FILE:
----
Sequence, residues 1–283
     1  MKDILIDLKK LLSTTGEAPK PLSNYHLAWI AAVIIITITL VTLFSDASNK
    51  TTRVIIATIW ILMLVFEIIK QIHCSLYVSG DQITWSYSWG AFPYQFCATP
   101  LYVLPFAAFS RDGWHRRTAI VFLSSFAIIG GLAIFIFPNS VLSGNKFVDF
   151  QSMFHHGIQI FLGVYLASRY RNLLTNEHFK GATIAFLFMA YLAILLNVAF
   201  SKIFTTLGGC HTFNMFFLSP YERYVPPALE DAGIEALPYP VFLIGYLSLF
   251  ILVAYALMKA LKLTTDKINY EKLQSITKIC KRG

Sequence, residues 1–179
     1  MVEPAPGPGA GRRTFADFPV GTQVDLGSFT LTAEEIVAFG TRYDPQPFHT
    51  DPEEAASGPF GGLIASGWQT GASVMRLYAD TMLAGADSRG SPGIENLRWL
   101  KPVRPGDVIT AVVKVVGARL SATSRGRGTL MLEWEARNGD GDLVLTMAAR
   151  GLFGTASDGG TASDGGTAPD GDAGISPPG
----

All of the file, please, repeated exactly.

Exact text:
Sequence, residues 1–283
     1  MKDILIDLKK LLSTTGEAPK PLSNYHLAWI AAVIIITITL VTLFSDASNK
    51  TTRVIIATIW ILMLVFEIIK QIHCSLYVSG DQITWSYSWG AFPYQFCATP
   101  LYVLPFAAFS RDGWHRRTAI VFLSSFAIIG GLAIFIFPNS VLSGNKFVDF
   151  QSMFHHGIQI FLGVYLASRY RNLLTNEHFK GATIAFLFMA YLAILLNVAF
   201  SKIFTTLGGC HTFNMFFLSP YERYVPPALE DAGIEALPYP VFLIGYLSLF
   251  ILVAYALMKA LKLTTDKINY EKLQSITKIC KRG

Sequence, residues 1–179
     1  MVEPAPGPGA GRRTFADFPV GTQVDLGSFT LTAEEIVAFG TRYDPQPFHT
    51  DPEEAASGPF GGLIASGWQT GASVMRLYAD TMLAGADSRG SPGIENLRWL
   101  KPVRPGDVIT AVVKVVGARL SATSRGRGTL MLEWEARNGD GDLVLTMAAR
   151  GLFGTASDGG TASDGGTAPD GDAGISPPG